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Why Simple Ideas Usually Work Best and More Tips for November




Why Simple Ideas Usually Work Best and More Tips for November

Instant Tradition

Don’t like the idea of a Christmas tree being cut down every year to support your seasonal decorations? Plant your own. Don’t have the time to wait for it to grow? Buy a 16-foot one. That was the solution of Luisa Graff, who installed such a tree shortly after moving into her store, Luisa Graff Jewelers, in Colorado Springs, CO, in 2011. The tree has since become the centerpiece of an annual tradition that includes a lighting ceremony and performances by local high school choirs.

Think Thanks

Thank-you notes are a satisfying exercise, especially in the wake of a successful holiday period. But when there are hundreds to write, they are also a bit of chore. Whitney Lang, marketing manager at Burkes Jewelers in Kilmarnock, VA, has the answer: “Write them daily through the holiday season and then put them aside to mail on Jan. 1. “That way your memory is fresh and they won’t pile up on you at the end of the month,”she says.

Surprise ’Em

To get the most out of a gift to a customer, violate their expectations, says Benn Parr, author of Captivology: The Science of Capturing People’s Attention. The reason is that our brains are tuned to pay attention to surprises. “So the next time you give a gift, do something different such as wrapping it in custom paper, or giving it when people least expect it,” he writes.

Sharpen the Young Saw

Is your 8-year-old showing signs he may want to follow in the family jewelry-making tradition? Sit him down with a bag of pennies and tell him to saw the heads out. Such a task ignited a lifelong love of jewelry-making in Britten Wolf, owner of BVW Jewelers in Reno, NV — and to this day, we suspect, he remains a neat hand when it comes to detailed sawing.

Silly socks at Wixon Jewelers

Hideous socks add fun to the schedule for the team at Wixon Jewelers during the holiday season.

Unwind a Stuck RingStart a Tradition

Wixon Jewelers in Minneapolis, MN, understands the power of tradition: Each December a wall plays host to a sea of stockings (one for each employee) that are filled throughout the month by staff. Then on Christmas Eve, the entire staff comes to work in “ridiculous” Christmas socks. “The uglier, the better,” says the store’s director of marketing, Jayme Pretzloff, adding this is a time the whole store looks forward to. “We love the holidays,” he says.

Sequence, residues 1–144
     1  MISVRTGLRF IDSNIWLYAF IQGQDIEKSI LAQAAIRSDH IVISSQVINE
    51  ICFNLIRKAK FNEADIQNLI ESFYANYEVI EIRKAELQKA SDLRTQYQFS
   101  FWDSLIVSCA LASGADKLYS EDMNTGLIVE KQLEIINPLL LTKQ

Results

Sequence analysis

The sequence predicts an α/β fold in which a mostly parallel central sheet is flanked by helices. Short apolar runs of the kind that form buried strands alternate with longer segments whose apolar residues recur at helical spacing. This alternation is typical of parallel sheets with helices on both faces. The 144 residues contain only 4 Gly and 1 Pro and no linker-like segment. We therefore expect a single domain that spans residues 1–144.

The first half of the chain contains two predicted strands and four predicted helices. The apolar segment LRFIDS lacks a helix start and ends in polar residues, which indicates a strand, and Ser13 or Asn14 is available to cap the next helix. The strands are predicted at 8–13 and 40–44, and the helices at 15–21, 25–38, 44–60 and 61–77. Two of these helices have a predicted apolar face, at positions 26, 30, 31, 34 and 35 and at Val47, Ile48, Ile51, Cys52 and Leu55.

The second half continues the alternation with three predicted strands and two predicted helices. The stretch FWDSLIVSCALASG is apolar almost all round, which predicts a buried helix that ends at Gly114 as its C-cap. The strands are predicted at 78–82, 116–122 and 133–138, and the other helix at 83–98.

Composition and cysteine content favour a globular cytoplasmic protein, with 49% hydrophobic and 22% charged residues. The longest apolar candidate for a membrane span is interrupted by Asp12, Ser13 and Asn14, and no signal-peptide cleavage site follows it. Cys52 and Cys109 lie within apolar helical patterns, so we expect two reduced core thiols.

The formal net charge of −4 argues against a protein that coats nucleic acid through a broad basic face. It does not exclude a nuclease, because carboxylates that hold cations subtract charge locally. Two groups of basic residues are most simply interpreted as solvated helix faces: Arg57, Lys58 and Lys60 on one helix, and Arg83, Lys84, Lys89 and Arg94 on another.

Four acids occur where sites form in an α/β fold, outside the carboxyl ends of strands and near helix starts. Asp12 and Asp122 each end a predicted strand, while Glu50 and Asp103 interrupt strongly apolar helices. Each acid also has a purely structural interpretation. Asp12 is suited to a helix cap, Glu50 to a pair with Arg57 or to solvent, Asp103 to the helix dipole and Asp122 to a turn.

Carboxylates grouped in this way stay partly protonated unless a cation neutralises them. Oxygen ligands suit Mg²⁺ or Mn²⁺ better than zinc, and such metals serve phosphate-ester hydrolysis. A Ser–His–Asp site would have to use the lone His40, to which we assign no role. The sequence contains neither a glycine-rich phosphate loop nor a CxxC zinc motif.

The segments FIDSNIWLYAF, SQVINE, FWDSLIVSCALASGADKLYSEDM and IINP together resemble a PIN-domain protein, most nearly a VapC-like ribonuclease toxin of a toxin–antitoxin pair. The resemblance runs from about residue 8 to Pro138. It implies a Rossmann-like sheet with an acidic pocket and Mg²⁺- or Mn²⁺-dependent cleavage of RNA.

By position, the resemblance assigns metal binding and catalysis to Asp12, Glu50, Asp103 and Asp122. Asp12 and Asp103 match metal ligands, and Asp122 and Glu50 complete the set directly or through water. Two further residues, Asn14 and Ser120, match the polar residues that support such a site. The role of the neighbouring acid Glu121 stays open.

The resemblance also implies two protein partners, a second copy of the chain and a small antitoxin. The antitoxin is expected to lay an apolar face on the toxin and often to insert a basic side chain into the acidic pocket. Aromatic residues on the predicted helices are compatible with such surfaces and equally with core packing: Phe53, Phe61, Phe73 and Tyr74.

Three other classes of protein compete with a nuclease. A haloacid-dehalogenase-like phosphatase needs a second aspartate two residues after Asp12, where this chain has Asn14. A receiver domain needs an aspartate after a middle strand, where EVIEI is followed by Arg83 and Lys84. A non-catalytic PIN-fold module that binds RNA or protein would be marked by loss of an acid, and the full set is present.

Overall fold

Over the years we’ve collected a number of suggestions on how to remove a stuck ring (Windex, Purell, and Superfit Technology). Here’s a neat new one from that involves using a string to “unwind” the ring. Watch it here: (It’s No 10).

Inbox Insider

Email marketing has been around for years, but the tricky part remains getting people to open the messages in the first place. It helps if the recipient thinks he’s receiving the email from a real person, says Gene Marks, owner of the Marks Group, a consultancy to small businesses, who recommends his clients avoid using generic addresses like sales@ or info@ in the “from” line.

Eureka Zone

The holidays are no time to lose things. Or probably to read books like Professor Solomon’s How to Find Lost Objects. But you could do worse than read the 12-step plan summarized on his website, The centerpiece is the useful notion of the “eureka zone” — the observation that ordinary lost objects “tend to travel no more than 18 inches from their original location.” The trick is to demarcate a small area, then search it exhaustively, he says.

Drip, Drip …

Need more motivation to get rid of old stock? Consultant David Geller recommends thinking of your goods the way an old-fashioned ice vendor would treat his frigid freight. At first it is worth its weight in gold, like ice at 5 a.m. After 6 months, your stock is like ice at noon, and starting to shed value. At 9 months, it’s mid-afternoon and you need to get rid of it at almost any price as no one is willing to pay much for a puddle of water.

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When There’s No Succession Plan, Call Wilkerson

Bob Wesley, owner of Robert C. Wesley Jewelers in Scottsdale, Ariz., was a third-generation jeweler. When it was time to enjoy life on the other side of the counter, he weighed his options. His lease was nearing renewal time and with no succession plan, he decided it was time to call Wilkerson. There was plenty of inventory to sell and at first, says Wesley, he thought he might try to manage a sale himself. But he’s glad he didn’t. “There’s no way I could have done this as well as Wilkerson,” he says. Wilkerson took responsibility for the entire event, with every detail — from advertising to accounting — done, dusted and managed by the Wilkerson team. “It’s the complete package,” he says of the Wilkerson method of helping jewelers to easily go on to the next phase of their lives. “There’s no way any retailer can duplicate what they’ve done.”

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